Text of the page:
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Great-grandson of a preacher man. An appreciation of Reverend Charles Grandison Selleck

Updated: Feb 5, 2023

Moses Mather’s great-grandson, and Deacon Joseph Mather’s grandson, was Charles G. Selleck.


Deacon Joseph’s eldest child (the only one not born at the Homestead) was Hannah Mather (2 June 1778-20 May 1857). On her eighteenth birthday, 2 June 1796, Hannah married Charles Selleck (1766-1 Oct 1846). Their third child (of eleven) was Charles Grandison Selleck, born 26 February 1802.


After graduating from Yale in 1827, Charles married Emily Crocker, 20 April 1830. Emily was the daughter of Daniel Crocker and Rhoda Johnson. Daniel Crocker, Yale 1782, had been pastor at the Congregational Church in Redding.


Charles was ordained pastor of the church in Ridgefield CT on 10 May 1831. His son, Charles Sylvester, was baptized on 3 July 1831.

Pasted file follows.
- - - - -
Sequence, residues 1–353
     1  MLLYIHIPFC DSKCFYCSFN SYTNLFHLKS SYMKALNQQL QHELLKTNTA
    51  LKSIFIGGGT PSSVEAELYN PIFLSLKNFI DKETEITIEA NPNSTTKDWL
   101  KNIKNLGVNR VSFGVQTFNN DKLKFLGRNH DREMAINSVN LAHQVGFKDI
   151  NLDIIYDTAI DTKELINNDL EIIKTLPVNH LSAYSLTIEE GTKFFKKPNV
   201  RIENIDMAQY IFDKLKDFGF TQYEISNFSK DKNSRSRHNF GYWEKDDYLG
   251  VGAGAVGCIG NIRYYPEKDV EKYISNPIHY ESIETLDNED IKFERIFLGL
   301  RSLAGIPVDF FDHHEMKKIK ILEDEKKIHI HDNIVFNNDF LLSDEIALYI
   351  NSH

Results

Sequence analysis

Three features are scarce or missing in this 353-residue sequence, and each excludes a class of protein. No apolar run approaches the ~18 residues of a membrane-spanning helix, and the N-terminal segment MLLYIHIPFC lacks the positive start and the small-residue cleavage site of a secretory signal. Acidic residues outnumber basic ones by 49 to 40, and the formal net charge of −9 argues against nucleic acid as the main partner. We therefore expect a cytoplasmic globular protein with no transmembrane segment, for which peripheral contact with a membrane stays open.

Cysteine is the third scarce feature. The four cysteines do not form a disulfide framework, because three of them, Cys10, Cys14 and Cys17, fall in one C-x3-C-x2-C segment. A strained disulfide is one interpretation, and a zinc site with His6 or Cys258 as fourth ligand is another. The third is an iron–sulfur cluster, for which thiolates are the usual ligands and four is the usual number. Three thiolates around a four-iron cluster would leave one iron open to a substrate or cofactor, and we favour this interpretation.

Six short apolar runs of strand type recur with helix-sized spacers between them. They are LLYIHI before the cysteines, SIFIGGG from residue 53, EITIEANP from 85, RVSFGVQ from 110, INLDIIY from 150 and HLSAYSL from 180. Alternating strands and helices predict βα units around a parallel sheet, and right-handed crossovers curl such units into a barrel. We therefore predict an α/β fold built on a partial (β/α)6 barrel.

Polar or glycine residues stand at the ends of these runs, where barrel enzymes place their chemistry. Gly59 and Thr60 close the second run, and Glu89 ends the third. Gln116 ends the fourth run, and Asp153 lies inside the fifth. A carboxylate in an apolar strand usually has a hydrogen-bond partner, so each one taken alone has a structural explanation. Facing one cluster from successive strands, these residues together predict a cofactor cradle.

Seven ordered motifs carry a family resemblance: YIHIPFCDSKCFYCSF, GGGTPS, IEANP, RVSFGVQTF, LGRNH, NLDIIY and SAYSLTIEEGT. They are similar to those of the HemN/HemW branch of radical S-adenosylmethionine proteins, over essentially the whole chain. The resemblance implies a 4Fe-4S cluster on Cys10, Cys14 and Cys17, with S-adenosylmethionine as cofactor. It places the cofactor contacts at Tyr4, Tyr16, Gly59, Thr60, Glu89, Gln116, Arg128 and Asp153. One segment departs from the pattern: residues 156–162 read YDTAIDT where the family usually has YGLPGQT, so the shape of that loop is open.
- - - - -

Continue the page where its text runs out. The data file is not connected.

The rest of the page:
In 1837 Charles received the call to be pastor of the Presbyterian Church in Upper Alton Illinois. In 1840 he removed to Waverly IL and Jacksonville IL in 1851. According to Presbyterian records, he “took charge of the Female Academy there, and preached at the same time in Naples and to Union church for two years. While here his only son, Sylvester, a young man of great promise and excellence was removed by death.”


In 1857 Charles and Emily moved to Plaquemine Louisiana. The Yale Class of 1827 Notes state that he was “pastor of the Presbyterian Church there. He continued in the pleasant and successful discharge of his duties until the end of June 1861, when on account of his Union sympathies he was expelled from the town by local authorities.”


After a time back in Illinois, he moved to Volusia County Florida, where he founded both the First Presbyterian Church in New Smyrna Beach in 1875 and the same year founded the first Congregational church in Florida. This distinc-tion was proclaimed by the Volusia County Council in 2015. (See below.)


Emily Crocker Selleck died 19 November 1878. Charles died 10 February 1884.


From Moses to Charles, from the Revolutionary War to the Civil War, we find an arc of ministry and commitment to beliefs that withstood attack and triumphed over consequences.





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